Argentine Tea Growers Challenged by Market Complexities

January 8, 2020 No Comments Data ctma

MISIONES, Argentina

Argentina, one of the world’s top tea exporters and a primary supplier of black tea for U.S. consumption, is experiencing a troublesome harvest now well underway. In 2018, Argentina was the largest supplier of tea by volume to the United States.

During the first eleven months of the year imports to the U.S. from Sri Lanka grew 22% by volume and 12% in value; imports from India increased 10% in value and tea imported for consumption from Canada increased 32% in volume to 2.4 million kilograms. During these months black tea volume from Argentina declined by 11% to 41 million kilograms. Year-to-date the percentage of Argentine black tea decreased to 36.7% of all black tea imports, according to statistics compiled by the USDA Foreign Agricultural Service (FAS).

The value of tea imports from Argentina declined 12% to average $1.33 per kilogram, a trend dating to 2014 when the average value of imported Argentine teas was $1.71 per kilogram, according to USDA’s Foreign Agriculture Service data. The U.S. imported $54.7 million through November compared to $62.4 million through November 2018.

In 2018, Argentina was the largest supplier of tea by volume to the United States at 49 million kilograms, down from 55 million kilograms in 2015, 53 million kilograms in 2016 and 52 million kilograms in 2017.

Black tea imports from Argentina declined during the first ten months of the year.

Since the 1960s Argentine growers have produced CTC (cut, tear, curl) black tea grades used to make iced tea for the U.S. market. The U.S. consumes about 98% of Argentina’s production. Argentina’s tea industry retains significant capacity, but domestic consumption is low. As the average export price per kilogram has declined many growers have abandoned tea. Multinationals operating in Argentina, including James Finlays, are no better situated than cooperatives, some of which represent hundreds of smallholders. Finlays, which acquired Casa Fuentes SACIFI, Argentina’s largest tea estate in 2014, has since cut staff. The estate operates five processing plants with annual output of 27 million kilograms of which 90% is exported.

Like most of the world’s top producing countries, Argentina is experiencing a highly competitive export market awash in tea at prices at or below the cost of production. However, Argentina is at a greater disadvantage than China, India, Japan, Kenya or Sri Lanka. Since the Falklands War closed the UK to trade, virtually all the tea grown there is produced for North American consumers drinking iced tea blends in tea bags and ready-to-drink teas.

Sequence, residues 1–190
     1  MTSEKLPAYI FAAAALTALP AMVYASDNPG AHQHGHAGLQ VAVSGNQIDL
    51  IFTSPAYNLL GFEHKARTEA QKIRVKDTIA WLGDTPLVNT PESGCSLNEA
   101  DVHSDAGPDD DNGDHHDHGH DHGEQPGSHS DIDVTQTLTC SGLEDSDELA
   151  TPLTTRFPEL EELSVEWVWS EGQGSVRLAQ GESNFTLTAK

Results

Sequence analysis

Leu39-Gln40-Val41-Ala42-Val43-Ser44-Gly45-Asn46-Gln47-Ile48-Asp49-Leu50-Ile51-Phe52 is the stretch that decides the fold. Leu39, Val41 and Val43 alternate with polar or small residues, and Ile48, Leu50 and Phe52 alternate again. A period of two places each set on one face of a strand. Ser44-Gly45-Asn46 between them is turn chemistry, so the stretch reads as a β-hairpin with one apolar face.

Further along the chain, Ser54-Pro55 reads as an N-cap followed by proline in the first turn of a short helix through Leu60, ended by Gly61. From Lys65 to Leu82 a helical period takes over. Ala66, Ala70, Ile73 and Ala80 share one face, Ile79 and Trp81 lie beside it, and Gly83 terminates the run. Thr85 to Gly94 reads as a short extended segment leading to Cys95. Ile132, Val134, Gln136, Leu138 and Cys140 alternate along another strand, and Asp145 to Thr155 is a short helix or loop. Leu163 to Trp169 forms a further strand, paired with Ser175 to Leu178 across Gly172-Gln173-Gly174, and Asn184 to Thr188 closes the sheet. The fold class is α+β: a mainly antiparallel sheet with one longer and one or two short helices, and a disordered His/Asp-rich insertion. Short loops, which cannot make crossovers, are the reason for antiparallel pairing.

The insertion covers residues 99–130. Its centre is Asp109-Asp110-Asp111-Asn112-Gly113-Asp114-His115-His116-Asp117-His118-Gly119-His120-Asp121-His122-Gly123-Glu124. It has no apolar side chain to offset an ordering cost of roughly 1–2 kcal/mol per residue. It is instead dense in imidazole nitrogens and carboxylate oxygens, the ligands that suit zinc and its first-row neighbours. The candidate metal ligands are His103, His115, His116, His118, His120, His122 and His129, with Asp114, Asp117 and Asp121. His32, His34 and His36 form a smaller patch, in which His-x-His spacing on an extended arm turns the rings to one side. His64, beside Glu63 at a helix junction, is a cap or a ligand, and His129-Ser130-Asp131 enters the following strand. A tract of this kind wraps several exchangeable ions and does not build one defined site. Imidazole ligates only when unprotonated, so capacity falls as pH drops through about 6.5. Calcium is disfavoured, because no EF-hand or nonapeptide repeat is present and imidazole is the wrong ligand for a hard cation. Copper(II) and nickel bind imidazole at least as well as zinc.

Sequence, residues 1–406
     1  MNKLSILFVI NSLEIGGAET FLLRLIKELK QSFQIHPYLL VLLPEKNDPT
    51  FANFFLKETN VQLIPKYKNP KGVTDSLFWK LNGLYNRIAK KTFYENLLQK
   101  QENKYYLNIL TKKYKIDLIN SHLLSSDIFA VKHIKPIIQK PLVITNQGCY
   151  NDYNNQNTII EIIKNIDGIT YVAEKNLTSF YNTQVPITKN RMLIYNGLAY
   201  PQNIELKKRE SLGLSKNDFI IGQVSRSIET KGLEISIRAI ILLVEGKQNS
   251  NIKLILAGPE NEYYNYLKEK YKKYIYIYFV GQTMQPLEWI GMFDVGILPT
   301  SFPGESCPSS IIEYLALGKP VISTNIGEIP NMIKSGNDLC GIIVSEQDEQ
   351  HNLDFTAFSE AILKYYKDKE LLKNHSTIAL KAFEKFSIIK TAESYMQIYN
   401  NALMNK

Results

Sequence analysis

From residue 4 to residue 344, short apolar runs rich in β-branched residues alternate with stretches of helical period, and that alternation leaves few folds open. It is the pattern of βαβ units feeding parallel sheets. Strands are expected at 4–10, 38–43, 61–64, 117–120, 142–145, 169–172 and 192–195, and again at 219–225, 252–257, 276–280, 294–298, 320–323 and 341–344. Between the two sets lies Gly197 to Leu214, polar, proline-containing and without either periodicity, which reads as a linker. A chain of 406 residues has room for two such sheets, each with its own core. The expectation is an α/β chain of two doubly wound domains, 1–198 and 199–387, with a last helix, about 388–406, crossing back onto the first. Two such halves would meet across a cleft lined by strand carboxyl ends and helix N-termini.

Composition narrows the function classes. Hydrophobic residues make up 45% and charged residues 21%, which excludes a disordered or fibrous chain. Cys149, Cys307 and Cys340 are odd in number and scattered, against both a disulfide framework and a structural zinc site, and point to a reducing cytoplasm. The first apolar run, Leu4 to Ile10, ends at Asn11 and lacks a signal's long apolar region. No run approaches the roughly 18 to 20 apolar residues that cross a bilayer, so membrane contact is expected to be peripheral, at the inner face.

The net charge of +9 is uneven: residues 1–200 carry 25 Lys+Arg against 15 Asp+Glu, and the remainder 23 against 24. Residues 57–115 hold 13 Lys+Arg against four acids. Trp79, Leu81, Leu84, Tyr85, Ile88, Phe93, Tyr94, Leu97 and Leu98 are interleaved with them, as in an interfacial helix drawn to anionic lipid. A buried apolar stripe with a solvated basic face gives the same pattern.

José Luis Garay, Argentina’s Minister of Agriculture and Production, explained the current situation reduces competitiveness of the nation’s “tealera” (supply chain) “making our tea more difficult to place in certain markets.”

“In addition, we produce a lot of tea, but we consume little in the country. While in Chile one kilogram of tea is consumed per inhabitant per year, in Argentina only 160 grams (per inhabitant per year) are consumed,” said Garay. “That implies that only 2% of the crop is destined to serve the domestic market,” he told Bichos de Campo.

A review of the FAS Global Agricultural Trade System (GATS) data shows five-year declines in both volume and value. During the first ten months of the year imports for consumption in the U.S. declined to $55 million, compared to the same period in 2018. In 2015 imports were valued at $85 million. Volume for U.S. consumption has since declined by more than 6 million kilograms annually.

Last year the U.S. purchased $71 million of the $90.5 million of Argentina’s tea exports ($69.7 of the $71 million was consumed domestically, and the remainder re-exported as blended tea). This represents a sharp decline of 20.5% since 2014.

Globally Argentina ranks No. 16 on the list of top tea exporting countries, accounting for 1.2% of global production in 2018. The nine tea producing countries on the South American continent, including the nations of the Caribbean, export 1.3% of the world’s tea.

Argentina’s tealera exports about the same amount of teas as Malawi (ranked No. 15 at $91.5 million) and is ahead of Uganda which exported $88.8 million worth of tea in 2018 according to The World’s Top Exports which draws its data from the U.S. Government, the United Nations and FAO and the International Trade Center.